SPUTNIK PHOTOS. “Lost Territories: The New End”, 06.09–06.10

The Lost Territories Archive holds several thousand photographs taken between 2008 and 2016 in the former Soviet republics by Sputnik Photos, a group of photographers working together: Andrej Balco, Jan Brykczyński, Andrei Liankevich, Michał Łuczak, Rafał Milach, Adam Pańczuk and Agnieszka Rayss. The photographs contained in the archive are signed collectively and the set acts as a conceptual ‘assembly model’, presented in various configurations during exhibitions, lectures or in books. The latest archive-based publications include an illustrated lexicon titled Lost Territories: Wordbook (2016) and a photo book titled Fruit Garden (2017).

The extensive photographic archives, which make up the collection of Sputnik Photos, have the potential for endless interpretation– they are easily reconfigured, reshuffled, and their meanings tweaked. The photos selected for the New End exhibition hosted by the Arsenal Gallery have provided the basis for a narrative with an explicitly cautious, eco -political tone. The adopted futurological perspective presupposes geological time (regarding rock formation processes) and, consequently, rejects the concept of time that is measured with individual human lives. This exercise in imagination – viewing a photographic archive and visualising what it could be like in the future, in several hundred or even thousand years – turns the collection into a prophecy; it can be looked at through the prism of a slowly approaching catastrophe that will sooner or later hit the human race exploiting natural resources, damaging the environment and exterminating more and more species (including itself). This is a set of hypothetical ‘postcards’ sent to us from the era that will come after the Anthropocene, or the geological period characterized by the massive expansion of Homo sapiens.

From the collection of several thousand photographs held in the Sputnik Photos archive a selection of slightly over one hundred has been put on display. They have been grouped thematically into three areas. The first are landscapes modified by industrialization, mining or military actions. These pieces seem consistent with the tradition of landscape photography; in formal terms they are also closely akin to the documentation of classic earthworks from the 1970s (both cases involve macro-intrusions into the landscape) or the scientific collection of the American Center for Land Use Interpretation. The second group (a slide show) focuses on the romantic and apocalyptic motif of ruins: traces of human activity take the form of abandoned architecture exposed to the workings of entropy, building materials, fences, bridges, electric traction systems, allotments, road infrastructures, etc. The final area is dedicated to objects (prosthesis, models, toys, teaching aids, props), seen as ‘evidence’ of human actions that will possibly prove more or less incomprehensible in the future such as, surgical operations, dance, teacher training, sculpture and so on. Amongst others, this category features a set of photos related to research in radioactivity and nuclear tests carried out in Kazakhstan. Another picture – an educational model of a chess school by the Heydar Aliyev Center in Khirdalan, Azerbaijan – can be seen in the building of the University of Bialystok.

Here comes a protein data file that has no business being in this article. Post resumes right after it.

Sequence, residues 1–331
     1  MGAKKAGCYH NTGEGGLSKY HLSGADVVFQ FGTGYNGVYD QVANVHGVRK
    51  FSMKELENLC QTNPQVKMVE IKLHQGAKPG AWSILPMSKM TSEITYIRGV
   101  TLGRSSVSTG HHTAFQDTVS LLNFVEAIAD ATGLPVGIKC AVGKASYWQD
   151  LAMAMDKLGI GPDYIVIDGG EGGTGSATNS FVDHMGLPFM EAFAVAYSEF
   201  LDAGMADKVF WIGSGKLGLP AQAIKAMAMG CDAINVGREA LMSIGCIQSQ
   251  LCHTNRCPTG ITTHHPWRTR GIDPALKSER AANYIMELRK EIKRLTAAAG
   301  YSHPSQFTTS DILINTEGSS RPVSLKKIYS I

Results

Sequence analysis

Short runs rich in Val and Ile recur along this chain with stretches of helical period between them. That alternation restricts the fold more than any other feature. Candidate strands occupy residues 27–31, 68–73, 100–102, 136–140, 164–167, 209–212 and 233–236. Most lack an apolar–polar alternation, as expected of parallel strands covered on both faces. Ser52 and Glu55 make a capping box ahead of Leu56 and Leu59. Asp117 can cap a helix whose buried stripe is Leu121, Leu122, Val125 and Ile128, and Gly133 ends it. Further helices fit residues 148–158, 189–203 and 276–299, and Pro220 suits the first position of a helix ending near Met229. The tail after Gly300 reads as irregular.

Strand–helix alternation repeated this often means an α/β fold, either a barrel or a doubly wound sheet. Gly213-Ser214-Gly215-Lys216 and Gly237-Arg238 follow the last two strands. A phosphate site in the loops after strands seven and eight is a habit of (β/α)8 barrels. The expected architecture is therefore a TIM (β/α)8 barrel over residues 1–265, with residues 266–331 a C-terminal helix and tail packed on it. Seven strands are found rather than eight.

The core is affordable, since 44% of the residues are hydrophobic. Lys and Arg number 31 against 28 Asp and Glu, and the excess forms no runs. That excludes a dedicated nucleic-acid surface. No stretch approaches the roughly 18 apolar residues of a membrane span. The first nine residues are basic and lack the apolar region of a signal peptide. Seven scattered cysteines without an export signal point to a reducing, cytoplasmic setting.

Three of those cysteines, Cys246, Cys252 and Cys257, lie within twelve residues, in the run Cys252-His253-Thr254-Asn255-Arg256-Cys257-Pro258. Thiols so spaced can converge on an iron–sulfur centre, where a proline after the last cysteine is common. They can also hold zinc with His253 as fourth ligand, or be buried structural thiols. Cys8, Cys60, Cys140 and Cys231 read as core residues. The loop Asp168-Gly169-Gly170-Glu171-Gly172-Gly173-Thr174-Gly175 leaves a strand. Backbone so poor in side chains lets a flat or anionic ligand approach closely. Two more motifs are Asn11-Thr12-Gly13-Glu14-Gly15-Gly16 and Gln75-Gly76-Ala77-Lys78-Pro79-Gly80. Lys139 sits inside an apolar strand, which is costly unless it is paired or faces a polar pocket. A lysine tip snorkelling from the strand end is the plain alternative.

The last photograph, a sort of endnote attached to the exhibition (or erratum, bearing in mind that the human figure is almost entirely absent from the narrative of the show), taken in a refugee centre in South Ossetia in 2013, is to be found outside the gallery, on a billboard. It offers a commentary on the racist and nationalist incidents occurring in Białystok’s public space which is becoming increasingly ‘Brown Shirt’.

The title ‘new end’ yields some clues as to possible interpretations of the set of photographs from the Sputnik Photos archive. It foretells an apocalypse – but this apocalypse is neither absolute nor complete: merely a minor catastrophe. It is with hope that we tend to speak of a new beginning, but a ‘new end’ sounds ridiculous; it is a state of limbo, an eternally open phenomenon. Will the end of the world as we know it be at all perceived from the perspective of an outlying district in Vitebsk or the Semey Oncology Center in Kazakhstan? Is the previous end something we have already been through? How many ends have there been so far? It comes as no surprise that the photographs from the Sputnik Photos archive, taken exclusively in the former republics of the Soviet Union, stir political imagination – especially nowadays when the demons of the Cold War awake and ‘facts’ are generated by internet trolls, fantasizing about the reconstruction of the Soviet empire. Not that long ago we said our goodbyes to history and celebrated its end. Let us greet it once more: shivering in anticipation of a new end, let us contemplate the ruins of old orders.

Sebastian Cichocki

Translated from Polish by Monika Ujma

06.09 — 06.10
“Ў” Gallery

12:00 – 20:00, daily


“Ў” Gallery, 19:00